The blog is written by Dr Swati Popat Vats President Early Childhood Association
Are we Supporting and bringing up Children in a Gender- Friendly environment especially making our school curriculum ‘boy’ friendly?
Reading about the increasing instances of teachers resorting to punishments and noticing that in almost all the cases it is boys that are involved we did an indepth research of material to find out if incorrect teaching practices can be leading to misbehavior in boys, could it be that boys need gender specific instructions and interactions? (n.a.e.y.c.org) Yes they do-
An important aspect that needs to be kept in mind both at home and school is to ensure that we create a gender-friendly environment in which boys and girls succeed. Boys don’t need tough environments , they too need sensitive handling. We were inspired from an article on gender friendly classrooms in YOUNG CHILD, the magazine of the naeyc and we thought of conducting our own internal research in our practices-
Two areas where we need to be extremely sensitive is
a. In the handling of boys and their emotions and behaviour as boys are different than girls so if you have only one method it will harm rather than help either the boys or the girls.
b. The selection of toys and how you guide kids to use all kinds of toys irrespective of gender bias.
In the handling of boys and their emotions we taught teachers the following-
1. While every child is unique, boys tend to benefit from high activity, full-body learning. When teachers encourage all children to learn through movement, positive behaviors are the norm and challenging behaviors are less frequent. Teachers can follow these practices- (King 2004): (Young Child 2013)
· Follow a schedule that includes very active play (outdoors or indoors) as the first daily activity. Both children and teachers enjoy this time-and some-times work up a sweat. Maybe that is why PT was the first period in schools traditionally and now it is a quiet assemble, could also be one of the reasons of increased behaviour problems in boys.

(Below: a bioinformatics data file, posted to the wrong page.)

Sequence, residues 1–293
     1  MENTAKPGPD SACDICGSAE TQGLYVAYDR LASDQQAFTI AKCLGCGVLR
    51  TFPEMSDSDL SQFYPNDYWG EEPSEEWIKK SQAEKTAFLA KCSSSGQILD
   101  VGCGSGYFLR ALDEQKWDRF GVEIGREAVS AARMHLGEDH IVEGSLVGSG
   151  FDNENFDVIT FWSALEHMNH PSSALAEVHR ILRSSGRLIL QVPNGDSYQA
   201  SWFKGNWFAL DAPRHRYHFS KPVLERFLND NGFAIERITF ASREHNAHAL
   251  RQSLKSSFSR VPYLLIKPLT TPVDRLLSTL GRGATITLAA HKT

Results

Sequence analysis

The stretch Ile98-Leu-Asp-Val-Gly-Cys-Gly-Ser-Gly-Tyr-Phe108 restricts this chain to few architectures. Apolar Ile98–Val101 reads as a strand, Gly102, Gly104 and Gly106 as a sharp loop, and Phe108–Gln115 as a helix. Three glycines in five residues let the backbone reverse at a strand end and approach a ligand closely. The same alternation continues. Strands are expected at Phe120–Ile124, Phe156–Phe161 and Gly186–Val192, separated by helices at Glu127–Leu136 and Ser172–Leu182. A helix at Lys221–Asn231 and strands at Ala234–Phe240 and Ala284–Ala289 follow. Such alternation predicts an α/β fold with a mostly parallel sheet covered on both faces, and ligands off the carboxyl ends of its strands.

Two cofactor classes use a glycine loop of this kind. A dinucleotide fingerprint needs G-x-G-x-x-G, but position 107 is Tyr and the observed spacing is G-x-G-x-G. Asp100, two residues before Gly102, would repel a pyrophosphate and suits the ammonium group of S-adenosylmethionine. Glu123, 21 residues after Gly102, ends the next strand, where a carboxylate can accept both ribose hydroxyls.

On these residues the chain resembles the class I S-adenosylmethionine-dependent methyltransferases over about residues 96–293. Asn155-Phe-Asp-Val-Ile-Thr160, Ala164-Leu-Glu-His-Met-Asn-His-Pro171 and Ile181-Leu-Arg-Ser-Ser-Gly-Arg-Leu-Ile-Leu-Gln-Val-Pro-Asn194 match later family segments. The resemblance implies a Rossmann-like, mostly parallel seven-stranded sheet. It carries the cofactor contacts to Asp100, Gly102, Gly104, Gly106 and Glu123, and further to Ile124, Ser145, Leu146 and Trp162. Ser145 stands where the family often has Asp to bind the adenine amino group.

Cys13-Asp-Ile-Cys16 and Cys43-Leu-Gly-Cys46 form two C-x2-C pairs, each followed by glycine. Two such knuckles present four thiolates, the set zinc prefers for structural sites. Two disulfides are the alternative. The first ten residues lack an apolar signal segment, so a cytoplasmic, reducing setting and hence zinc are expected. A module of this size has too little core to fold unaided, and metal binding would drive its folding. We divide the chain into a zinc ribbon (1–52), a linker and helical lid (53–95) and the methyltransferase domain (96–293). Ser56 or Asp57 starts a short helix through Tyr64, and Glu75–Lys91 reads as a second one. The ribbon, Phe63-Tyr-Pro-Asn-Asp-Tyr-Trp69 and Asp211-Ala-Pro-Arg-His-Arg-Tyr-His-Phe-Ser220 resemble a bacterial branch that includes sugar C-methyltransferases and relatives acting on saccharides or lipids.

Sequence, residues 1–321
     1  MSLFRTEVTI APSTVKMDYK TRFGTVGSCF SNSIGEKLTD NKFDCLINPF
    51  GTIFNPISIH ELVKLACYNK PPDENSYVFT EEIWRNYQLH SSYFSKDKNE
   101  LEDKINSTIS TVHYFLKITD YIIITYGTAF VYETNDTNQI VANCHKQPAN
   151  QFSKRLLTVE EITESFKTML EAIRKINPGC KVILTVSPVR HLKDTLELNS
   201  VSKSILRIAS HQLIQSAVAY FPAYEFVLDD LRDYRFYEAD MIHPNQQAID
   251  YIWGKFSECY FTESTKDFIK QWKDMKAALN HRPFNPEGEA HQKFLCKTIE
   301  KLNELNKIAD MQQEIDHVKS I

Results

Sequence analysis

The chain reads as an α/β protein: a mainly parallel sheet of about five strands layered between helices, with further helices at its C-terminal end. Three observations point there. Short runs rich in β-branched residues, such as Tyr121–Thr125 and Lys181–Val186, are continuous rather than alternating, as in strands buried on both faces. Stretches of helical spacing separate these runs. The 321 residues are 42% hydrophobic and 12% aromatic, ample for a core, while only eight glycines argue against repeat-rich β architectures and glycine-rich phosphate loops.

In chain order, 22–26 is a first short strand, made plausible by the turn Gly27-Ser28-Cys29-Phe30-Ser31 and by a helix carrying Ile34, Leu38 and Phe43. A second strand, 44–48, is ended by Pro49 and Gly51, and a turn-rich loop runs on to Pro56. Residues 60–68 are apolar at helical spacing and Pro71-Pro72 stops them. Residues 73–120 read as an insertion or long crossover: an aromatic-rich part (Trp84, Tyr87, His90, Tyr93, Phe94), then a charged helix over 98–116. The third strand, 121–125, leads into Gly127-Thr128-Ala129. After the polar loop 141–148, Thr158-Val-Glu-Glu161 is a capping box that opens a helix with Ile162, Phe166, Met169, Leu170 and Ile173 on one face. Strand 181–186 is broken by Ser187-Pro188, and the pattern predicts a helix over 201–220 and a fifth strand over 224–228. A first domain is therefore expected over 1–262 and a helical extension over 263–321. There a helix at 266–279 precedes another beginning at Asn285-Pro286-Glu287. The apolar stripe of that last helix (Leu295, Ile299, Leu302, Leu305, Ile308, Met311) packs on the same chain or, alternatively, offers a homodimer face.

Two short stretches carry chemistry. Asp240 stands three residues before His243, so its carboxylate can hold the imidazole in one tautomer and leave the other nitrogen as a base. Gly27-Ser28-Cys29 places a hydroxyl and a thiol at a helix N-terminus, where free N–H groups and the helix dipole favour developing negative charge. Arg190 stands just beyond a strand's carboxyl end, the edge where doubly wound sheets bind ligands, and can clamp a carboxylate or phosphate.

2. A gender friendly classroom should also keep the emotional needs of boys in mind and this can be done by (King 2004). (Young Child 2013)
· Boys respond better to Humour to solve conflicts- A teacher might kneel down to where two boys are arguing and say with a smile, “ oopps looks like Mr angry is sitting on your shoulder and has stolen your smiles, how about you put your friendly faces on so that Mr angry goes away and then lets discuss how to solve this problem.”
· Boys get antagonized with threats and embarrassment. Threats end up in power struggles and get in the way of positive teacher-child relationships. Instead, offer the child choices. Then, accept whichever choice the child makes. For example, as privately as possible, a teacher might say, “Yash, you choose: Do you want to share the cars or climb on the jungle gym? Which will you choose?” Later, after emotions have cooled, the teacher can follow up by talking with the child about what happened and what he might do differently in the future.
· Boys also need to talk about their emotions but don’t know how to- Sometimes when boys appear to be angry, they are masking their true feelings of pain, embarrassment, or fear. Help boys learn a variety of words they can use to label their emotions. Encourage them to share their feelings with teachers and classmates. Acknowledge and accept emotions to let a child know you care.
· Boys need affection too but tend to pull away- Boys need to be cuddled and held. They need kind words and unconditional personal regard. When they fall or when a friend uses unfriendly words, boys need you to respond in a warm, caring, and nurturing manner. Even when a boy is defiant or has hurt another child, let him know he is still a fully accepted and valued member of the class. He just needs to work on a few things. It is up to you to help him.
Incorrect teaching practices can lead to misbehavior in boys, as boys need gender specific instructions and interactions (n.a.e.y.c.org). Let the change begin with each class so that we can nurture more sensitive boys.
(Due credit for this article goes to Young Child magazine of n.a.e.y.c, visit www.naeyc.org )